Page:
In this conversation from Broadside 2019, hosted by Santilla Chingaipe, our panellists – Aminatou Sow, Fatima Bhutto, Jia Tolentino and Tressie McMillan Cottom – discuss she-EOs, 'ethical consumption', reimagining value and good ancestorship.
Tressie McMillan Cottom, Jia Tolentino and Aminatou Sow on stage at Melbourne Town Hall — Photo: Hannah Koelmeyer
The Wheeler Centre
William Dalrymple: Corporate Violence and the East India Company
Clare Wright and William Dalrymple at the Athenaeum Theatre — Photo: Jon Tjhia
Historian William Dalrymple believes the stunning greed and violence of the militarised East India Company is ‘history’s most terrifying warning’ about unregulated corporate power, and the insidious means by which shareholders exert dangerous influence on the state.
Dalrymple – co-director of the Jaipur Literature Festival, and bestselling author of books including The Last Mughal, City of Djinns and Nine Lives – examines the corporation’s ruinous legacy in his latest work, The Anarchy: The Relentless Rise of the East India Company.
The Anarchy describes an aggressive colonial power operating under the guise of a multinational company, using a ruthless 200,000-strong private army to extort, plunder and dominate vast swathes of Central, South and Southeast Asia – answerable only to its distant investors. At a time when global media corporations and tech giants wield growing and increasingly pervasive power and influence, the story is a timely cautionary tale.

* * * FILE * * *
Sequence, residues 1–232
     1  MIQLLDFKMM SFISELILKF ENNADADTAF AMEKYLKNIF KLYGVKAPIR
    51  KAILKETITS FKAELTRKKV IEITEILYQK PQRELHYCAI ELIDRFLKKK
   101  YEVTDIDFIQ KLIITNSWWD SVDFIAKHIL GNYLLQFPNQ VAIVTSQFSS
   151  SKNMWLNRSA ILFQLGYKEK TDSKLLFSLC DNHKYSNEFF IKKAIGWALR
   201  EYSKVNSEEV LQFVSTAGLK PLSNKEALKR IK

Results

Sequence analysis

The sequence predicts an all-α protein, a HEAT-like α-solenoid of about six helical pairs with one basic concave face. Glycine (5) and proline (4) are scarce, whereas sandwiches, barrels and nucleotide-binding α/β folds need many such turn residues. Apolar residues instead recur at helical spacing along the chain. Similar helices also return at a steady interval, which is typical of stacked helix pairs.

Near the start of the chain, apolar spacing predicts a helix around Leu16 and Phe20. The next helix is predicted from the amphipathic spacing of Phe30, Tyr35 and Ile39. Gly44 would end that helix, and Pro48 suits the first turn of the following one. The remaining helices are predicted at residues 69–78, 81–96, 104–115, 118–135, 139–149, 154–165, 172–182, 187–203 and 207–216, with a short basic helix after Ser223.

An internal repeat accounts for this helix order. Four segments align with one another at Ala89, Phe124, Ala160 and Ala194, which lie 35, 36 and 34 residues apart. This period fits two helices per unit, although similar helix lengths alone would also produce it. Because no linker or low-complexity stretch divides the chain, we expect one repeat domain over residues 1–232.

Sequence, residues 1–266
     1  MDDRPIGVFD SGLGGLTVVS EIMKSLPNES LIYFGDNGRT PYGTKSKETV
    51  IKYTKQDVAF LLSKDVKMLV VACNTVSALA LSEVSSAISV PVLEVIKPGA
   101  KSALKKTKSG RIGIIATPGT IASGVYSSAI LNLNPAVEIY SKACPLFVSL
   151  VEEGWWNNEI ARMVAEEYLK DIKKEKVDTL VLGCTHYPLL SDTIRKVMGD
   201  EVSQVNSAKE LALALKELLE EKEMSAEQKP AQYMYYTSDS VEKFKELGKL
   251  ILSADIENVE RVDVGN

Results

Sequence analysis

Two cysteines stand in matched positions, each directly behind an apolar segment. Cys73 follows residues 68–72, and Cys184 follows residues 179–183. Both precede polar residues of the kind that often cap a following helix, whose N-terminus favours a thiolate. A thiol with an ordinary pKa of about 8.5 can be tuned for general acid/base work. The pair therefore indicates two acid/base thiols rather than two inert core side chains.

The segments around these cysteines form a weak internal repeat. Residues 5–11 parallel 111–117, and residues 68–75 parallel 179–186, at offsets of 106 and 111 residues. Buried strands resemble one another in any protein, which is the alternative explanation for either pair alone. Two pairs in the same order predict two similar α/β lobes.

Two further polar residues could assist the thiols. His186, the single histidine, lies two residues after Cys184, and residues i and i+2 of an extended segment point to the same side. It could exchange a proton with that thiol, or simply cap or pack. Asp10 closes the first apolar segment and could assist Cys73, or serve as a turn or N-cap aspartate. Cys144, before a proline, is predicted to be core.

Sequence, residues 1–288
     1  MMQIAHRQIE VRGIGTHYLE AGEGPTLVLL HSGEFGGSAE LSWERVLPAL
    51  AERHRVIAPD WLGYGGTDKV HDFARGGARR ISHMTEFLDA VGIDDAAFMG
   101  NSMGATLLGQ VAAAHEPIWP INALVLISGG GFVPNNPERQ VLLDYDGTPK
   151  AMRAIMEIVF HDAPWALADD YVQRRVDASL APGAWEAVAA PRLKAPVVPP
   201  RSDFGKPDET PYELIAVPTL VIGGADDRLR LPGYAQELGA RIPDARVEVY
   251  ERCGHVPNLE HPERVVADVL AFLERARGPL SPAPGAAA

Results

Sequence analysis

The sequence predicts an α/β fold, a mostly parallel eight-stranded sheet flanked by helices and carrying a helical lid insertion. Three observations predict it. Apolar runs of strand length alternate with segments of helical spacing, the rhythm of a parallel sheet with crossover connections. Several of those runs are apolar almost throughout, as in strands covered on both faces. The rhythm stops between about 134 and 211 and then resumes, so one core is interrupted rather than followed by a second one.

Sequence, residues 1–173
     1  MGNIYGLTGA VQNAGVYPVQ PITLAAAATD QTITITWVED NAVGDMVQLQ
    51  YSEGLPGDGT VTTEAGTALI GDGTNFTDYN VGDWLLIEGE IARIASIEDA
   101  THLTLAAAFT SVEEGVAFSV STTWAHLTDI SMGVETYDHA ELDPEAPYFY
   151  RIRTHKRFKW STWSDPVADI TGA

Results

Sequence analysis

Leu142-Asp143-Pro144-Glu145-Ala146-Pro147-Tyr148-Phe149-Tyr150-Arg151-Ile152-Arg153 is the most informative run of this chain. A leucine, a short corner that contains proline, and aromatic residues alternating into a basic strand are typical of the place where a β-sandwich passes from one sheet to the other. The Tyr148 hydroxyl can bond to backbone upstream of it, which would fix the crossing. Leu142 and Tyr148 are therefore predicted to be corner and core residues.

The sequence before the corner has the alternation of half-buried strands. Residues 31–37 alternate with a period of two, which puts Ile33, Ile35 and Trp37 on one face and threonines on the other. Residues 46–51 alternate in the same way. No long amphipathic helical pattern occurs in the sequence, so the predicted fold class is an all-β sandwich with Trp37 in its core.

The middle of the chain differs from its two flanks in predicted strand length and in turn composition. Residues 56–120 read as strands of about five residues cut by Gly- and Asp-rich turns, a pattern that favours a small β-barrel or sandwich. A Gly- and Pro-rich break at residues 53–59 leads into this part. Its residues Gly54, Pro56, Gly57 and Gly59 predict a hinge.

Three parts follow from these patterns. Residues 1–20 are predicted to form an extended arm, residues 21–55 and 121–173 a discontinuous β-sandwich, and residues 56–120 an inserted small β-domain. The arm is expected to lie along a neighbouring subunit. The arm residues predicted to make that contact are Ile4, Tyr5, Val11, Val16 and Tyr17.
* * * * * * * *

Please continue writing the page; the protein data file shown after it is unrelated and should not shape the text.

At this event, William Dalrymple joins author Clare Wright to discuss the long reach and devastating legacy of the East India Company.
The Fifth Estate
Past Imperfect: Writing Australian History
For this Fifth Estate discussion, we're joined by two prominent historians for a conversation about their careers, and how they have each navigated the changing tropes and traditions of Australian history writing. What role do contemporary historians play in shaping the way all Australians remember – and reckon with – the past?
From left to right: Sally Warhaft, Clare Wright and Geoffrey Blainey
Geoffrey Blainey is the author of more than 40 books, including The Rush That Never Ended, The Story of Australia’s People, and, perhaps most famously, The Tyranny of Distance, which has been in print since 1966. Clare Wright is an eminent academic and broadcaster and the Stella Prize-winning author of The Forgotten Rebels of Eureka and You Daughters of Freedom. Both writers have brought their research to large and enthralled readerships.
How does writing about the past shape the possibilities of the future? Blainey and Wright join Sally Warhaft to discuss their approaches to writing Australian history: warts, beauty spots and blind spots.
Anything and everything in History from across our archives.
Ferguson’s Six Killer Apps
All the wealth in the world adds up to just under $200 trillion dollars (the world economy is worth $60 trillion a year, as we mentioned in a recent story), most of which was created in the last two centuries and two-thirds of which is owned by Westerners, who represent just a fifth of the population. That’s a thumb-sketch of the world economy given…